MISC Wins Case Against Equatorial
19 January 2010

In the case of Equatorial Marine Fuel Management Services Pte Ltd (Equatorial) v MISC Berhad (MISC), the United States Court of Appeals for the Ninth Circuit has ruled in favour of MISC, upholding the fact that MISC did not enter into any contract for the supply of bunker with Equatorial, hence there being no basis for the admiralty action brought against MISC by Equatorial. The decision of the appeal was handed down last week by the Ninth Circuit three judge panel, who unanimously upheld the United States District Court for the Central District of California’s vacatur of Equatorial’s maritime attachment to MISC’s property, M/T Bunga Kasturi Lima.

This much eagerly awaited decision is warmly welcomed by all shipping giants globally as no physical supplier can now arrest vessels without the presence of proper legally binding contract supported by sufficient evidentiary documents, causing grave commercial strain on the ship owners.

The legal battle between the two companies began in April 2008, when Equatorial attached M/T Bunga Kasturi Lima, a vessel belonging to MISC in Long Beach, California, to acquire jurisdiction over MISC and to obtain security for their claim. Equatorial alleged that MISC breached a contract purportedly entered into between Equatorial and MISC. Equatorial specifically asserted that MISC had purchased bunker from Equatorial and Equatorial had delivered the bunker fuels to MISC’s vessels for over USD 22 million. It is further alleged that MISC never paid Equatorial for the various deliveries.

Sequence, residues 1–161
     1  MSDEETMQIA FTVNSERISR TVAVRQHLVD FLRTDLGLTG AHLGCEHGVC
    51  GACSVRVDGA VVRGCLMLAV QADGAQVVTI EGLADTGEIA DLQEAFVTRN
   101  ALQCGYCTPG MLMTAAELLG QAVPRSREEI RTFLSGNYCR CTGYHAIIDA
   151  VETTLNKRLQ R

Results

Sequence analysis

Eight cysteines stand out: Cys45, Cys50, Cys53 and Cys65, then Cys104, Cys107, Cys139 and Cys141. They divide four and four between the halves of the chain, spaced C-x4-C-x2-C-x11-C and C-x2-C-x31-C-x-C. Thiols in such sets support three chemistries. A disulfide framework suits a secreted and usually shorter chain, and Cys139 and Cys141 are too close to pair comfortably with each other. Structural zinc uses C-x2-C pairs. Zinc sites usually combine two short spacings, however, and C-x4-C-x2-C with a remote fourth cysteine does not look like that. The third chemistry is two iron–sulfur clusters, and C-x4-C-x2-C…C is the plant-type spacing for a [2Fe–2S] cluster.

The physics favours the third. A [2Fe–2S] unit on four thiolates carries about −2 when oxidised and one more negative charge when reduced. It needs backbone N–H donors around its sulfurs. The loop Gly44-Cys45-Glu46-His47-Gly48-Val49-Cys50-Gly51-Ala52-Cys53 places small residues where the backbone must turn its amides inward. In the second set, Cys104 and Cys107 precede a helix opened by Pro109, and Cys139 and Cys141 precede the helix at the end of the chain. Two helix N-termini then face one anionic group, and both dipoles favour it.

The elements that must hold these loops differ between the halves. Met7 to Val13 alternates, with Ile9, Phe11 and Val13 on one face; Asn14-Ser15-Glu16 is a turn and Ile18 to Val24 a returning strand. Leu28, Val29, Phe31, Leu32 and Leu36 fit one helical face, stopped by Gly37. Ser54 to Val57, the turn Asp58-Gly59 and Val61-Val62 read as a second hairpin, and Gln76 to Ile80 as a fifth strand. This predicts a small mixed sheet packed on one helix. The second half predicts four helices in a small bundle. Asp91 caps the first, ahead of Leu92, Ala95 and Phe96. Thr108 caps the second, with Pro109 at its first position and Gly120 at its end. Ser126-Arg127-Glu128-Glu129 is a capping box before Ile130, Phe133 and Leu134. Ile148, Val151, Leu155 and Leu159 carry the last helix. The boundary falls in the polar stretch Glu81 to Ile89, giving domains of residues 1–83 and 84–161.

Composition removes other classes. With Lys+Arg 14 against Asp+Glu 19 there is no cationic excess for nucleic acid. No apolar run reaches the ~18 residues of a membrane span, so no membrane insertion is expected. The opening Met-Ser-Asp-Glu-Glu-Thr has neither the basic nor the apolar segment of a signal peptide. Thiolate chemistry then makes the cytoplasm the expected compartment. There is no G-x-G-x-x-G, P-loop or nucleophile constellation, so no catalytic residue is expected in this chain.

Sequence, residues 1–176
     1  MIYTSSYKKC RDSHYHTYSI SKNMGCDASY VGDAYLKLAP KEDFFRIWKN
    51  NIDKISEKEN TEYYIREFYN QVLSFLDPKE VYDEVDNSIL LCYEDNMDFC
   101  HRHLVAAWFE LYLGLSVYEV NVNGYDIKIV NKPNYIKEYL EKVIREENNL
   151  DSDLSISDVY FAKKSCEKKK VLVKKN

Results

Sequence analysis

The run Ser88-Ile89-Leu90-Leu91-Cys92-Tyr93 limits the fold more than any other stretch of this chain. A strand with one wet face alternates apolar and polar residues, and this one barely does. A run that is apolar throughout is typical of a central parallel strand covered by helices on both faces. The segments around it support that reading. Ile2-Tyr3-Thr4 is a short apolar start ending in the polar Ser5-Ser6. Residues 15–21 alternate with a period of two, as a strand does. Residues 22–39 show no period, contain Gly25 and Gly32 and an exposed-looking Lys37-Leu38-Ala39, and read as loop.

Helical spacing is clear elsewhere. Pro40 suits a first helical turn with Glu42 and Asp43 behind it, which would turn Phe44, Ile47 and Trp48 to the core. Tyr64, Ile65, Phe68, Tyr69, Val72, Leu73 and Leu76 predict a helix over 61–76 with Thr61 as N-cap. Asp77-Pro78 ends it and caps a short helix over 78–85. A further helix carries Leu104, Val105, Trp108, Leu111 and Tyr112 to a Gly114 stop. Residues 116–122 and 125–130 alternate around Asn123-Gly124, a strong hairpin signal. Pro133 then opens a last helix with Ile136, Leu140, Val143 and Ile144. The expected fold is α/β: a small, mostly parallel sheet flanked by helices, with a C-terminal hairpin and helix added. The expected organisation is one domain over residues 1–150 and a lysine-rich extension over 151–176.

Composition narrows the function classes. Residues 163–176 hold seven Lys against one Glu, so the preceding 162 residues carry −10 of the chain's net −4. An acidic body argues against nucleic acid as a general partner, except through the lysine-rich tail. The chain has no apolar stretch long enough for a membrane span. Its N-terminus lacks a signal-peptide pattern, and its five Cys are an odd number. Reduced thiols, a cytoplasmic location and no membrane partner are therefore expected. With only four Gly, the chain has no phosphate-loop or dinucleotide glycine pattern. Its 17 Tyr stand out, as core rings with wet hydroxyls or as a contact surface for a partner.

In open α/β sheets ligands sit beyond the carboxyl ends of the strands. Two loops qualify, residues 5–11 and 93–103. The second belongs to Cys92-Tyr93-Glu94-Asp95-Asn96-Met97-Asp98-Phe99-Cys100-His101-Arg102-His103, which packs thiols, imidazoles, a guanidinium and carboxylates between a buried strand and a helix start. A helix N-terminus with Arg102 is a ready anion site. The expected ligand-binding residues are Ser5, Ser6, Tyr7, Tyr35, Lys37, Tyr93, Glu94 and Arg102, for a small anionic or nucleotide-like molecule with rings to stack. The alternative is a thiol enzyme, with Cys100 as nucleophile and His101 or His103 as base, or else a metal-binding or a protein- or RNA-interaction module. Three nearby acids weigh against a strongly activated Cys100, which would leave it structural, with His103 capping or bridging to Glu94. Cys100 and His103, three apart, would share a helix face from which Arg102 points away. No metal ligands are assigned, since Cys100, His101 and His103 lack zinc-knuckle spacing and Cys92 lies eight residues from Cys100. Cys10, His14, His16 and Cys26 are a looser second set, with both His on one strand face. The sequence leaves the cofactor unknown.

It was always the contention of MISC that it had no direct relationship with Equatorial. MISC entered into a contract for the purchase of bunker with Market Asia Link Sdn Bhd (“MAL”), a separate and unaffiliated company. In addition MISC received invoices from, and made remittances directly, to MAL for all bunkers supplied to the various vessels. The fact that MAL procured its bunker supply from Equatorial is immaterial. MISC was never provided with copies of Equatorial’s invoices, and thus there was no contractual nexus between MISC and Equatorial. Hence based on the fact that Equatorial failed to show that it had a valid prima facie admiralty claim, the US District Court of California vacated the attachment. However, Equatorial appealed against the decision to the US Court of Appeals for the Ninth Circuit which is the highest Federal Court in California.

In a published decision, written by Chief Judge Kozinski, the Ninth Circuit panel concluded that the District Court properly vacated the attachment because Equatorial failed to carry its burden of showing it had stated a valid prima facie breach of contract (or a contract at all when applying the evidentiary standard) against MISC.

Following the positive outcome of this case, MISC will now focus on pursuing a legal claim for approximately USD 500,000.00 against Equatorial for all damages caused as a result of wrongful attachment of MISC’s vessel.